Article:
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Checklist for International Students Before Arrival: Studying in Canada

Checklist for International Students Before Arrival: Studying in Canada

International students moving to Canada can be exciting and overwhelming. This may be your first solo international move. Freedom comes with great responsibility. Before starting your studies in Canada, you must apply for a study permit, find student housing, and find funding.

In this article, we provide a pre-arrival checklist for international students moving to Canada, including all the essential tasks you should complete in your home country before studying in Canada and suggested timelines.

One year before studying in Canada

1. Make your Budget for your studies in Canada

International students pay much higher tuition than Canadian permanent residents and citizens. In addition to tuition and other academic fees, you’ll need to pay for housing, food, travel, phone bills, entertainment, and more in Canada.

2. Select a Canadian study program

You should study what you know. If your Canadian study program fits with your previous studies or work, visa officers will approve it. Moreover, If you apply for a study permit, make sure your Statement of Purpose (also called Letter of Intent) explains how switching programs will benefit your career.

Before enrolling, check Canadian universities and colleges’ admission requirements. Your program may require a high language test score, subject study, a minimum GPA in previous academic programs, work experience, academic references, and more.

Also, See if your program qualifies for a Canadian Post-Graduation Work Permit (PGWP).

3. Take an approved language test

English and French dominate Canadian courses. Most schools require language testing before admission.

Universities usually require IELTS Academic or TOEFL (iBT) with a cut-off. Retake the test if your score is too low. Interviews and statements of purpose can assess the language skills of colleges and universities.

4. Apply to Canadian universities and colleges.

List Canadian universities and colleges with selected study programs. Make sure your schools are international DLIs. Compare tuition, admissions, faculty, and student facilities. In addition, Most colleges charge a non-refundable application fee, so apply to schools where you’re likely to be accepted.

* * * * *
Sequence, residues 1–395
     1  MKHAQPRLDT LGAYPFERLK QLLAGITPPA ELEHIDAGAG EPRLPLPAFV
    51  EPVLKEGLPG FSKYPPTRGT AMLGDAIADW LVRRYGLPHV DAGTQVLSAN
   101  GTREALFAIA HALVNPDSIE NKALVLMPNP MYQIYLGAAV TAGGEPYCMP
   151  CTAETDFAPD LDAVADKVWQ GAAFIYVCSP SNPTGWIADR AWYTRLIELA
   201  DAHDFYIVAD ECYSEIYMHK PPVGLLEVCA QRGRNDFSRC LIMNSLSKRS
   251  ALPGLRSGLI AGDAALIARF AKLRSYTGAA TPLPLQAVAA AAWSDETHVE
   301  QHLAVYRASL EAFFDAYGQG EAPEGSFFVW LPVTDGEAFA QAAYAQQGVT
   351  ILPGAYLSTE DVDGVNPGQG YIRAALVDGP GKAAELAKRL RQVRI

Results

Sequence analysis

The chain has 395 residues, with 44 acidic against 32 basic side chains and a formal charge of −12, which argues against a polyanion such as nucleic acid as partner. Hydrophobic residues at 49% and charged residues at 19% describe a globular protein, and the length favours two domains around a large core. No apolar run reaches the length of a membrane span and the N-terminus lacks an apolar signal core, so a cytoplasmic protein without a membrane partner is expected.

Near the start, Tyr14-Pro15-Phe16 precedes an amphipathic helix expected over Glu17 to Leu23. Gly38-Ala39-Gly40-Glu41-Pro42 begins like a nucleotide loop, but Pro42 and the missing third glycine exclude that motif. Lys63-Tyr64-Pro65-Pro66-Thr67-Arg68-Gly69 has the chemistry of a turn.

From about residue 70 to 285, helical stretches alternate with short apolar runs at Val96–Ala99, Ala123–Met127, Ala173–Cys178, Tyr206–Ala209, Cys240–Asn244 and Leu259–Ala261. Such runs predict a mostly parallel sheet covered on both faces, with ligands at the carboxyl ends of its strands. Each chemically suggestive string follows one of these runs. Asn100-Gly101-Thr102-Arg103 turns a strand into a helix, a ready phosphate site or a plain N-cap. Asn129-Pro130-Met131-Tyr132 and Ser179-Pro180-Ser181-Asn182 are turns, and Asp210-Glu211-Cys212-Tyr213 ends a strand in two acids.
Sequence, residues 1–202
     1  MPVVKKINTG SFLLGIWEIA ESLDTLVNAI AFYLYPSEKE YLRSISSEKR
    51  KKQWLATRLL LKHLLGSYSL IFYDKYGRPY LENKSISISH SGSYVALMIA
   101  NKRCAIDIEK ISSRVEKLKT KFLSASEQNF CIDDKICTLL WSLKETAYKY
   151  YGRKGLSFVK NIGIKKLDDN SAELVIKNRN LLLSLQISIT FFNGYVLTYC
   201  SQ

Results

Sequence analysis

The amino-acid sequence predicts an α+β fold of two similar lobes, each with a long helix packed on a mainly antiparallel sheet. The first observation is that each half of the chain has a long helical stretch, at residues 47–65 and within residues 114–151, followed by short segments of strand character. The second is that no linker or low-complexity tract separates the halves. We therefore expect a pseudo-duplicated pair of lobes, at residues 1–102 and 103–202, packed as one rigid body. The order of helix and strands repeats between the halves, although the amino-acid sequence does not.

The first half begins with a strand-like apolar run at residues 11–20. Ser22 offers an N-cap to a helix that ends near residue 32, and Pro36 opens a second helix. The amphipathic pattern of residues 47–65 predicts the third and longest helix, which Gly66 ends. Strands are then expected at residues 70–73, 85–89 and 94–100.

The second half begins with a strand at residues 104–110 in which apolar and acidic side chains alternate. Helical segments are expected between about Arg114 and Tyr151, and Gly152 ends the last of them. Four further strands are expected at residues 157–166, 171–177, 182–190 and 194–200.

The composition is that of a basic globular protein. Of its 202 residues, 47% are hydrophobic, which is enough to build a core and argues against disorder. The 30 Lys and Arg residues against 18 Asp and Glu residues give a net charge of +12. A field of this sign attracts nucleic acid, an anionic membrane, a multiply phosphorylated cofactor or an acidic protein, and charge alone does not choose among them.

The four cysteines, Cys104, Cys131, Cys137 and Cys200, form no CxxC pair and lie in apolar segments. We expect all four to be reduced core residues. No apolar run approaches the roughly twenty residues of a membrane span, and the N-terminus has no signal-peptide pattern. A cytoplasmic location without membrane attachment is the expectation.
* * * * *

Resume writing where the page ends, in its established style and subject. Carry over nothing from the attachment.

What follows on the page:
Most universities admit students in September, January, or May (summer intake). Most schools increase fall enrollment. Verify program enrollment.

Apply a year before the first semester. Admissions close six to eight months before the program begins. Pre-deadline checks avoid application delays.

5. Explore options for funding your education in Canada.

Canadian universities accept more than savings. International students receive university, government, and other scholarships. Scholarships, grants, and bursaries help needy students. International merit-based scholarships are available.

6. Check the validity of your passport

Make sure you have plenty of time left on your passport before applying for a study permit, as it cannot be extended. Before applying for a study permit, renew your passport if it expires soon. This however ensures that your study permit lasts the entire program plus 90 days.

Six months before studying in Canada

1. Get your Letter of Acceptance (LOA)

Designated Learning Institutions (DLIs) send Letters of Acceptance (LOAs) to accepted students. Your student visa application requires proof of admission to a Canadian university or college.

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Your school will give you a few days to accept and confirm your enrollment. If you chose on-campus housing or a meal plan, you’ll also have to pay the first-year tuition at this point. Avoid delays by arranging your finances before receiving your LOA.

2. Explore Canada housing options

After admission, you should choose a place to live. After receiving your LOA, register for on-campus housing at your university or college. Demand for school housing often exceeds supply.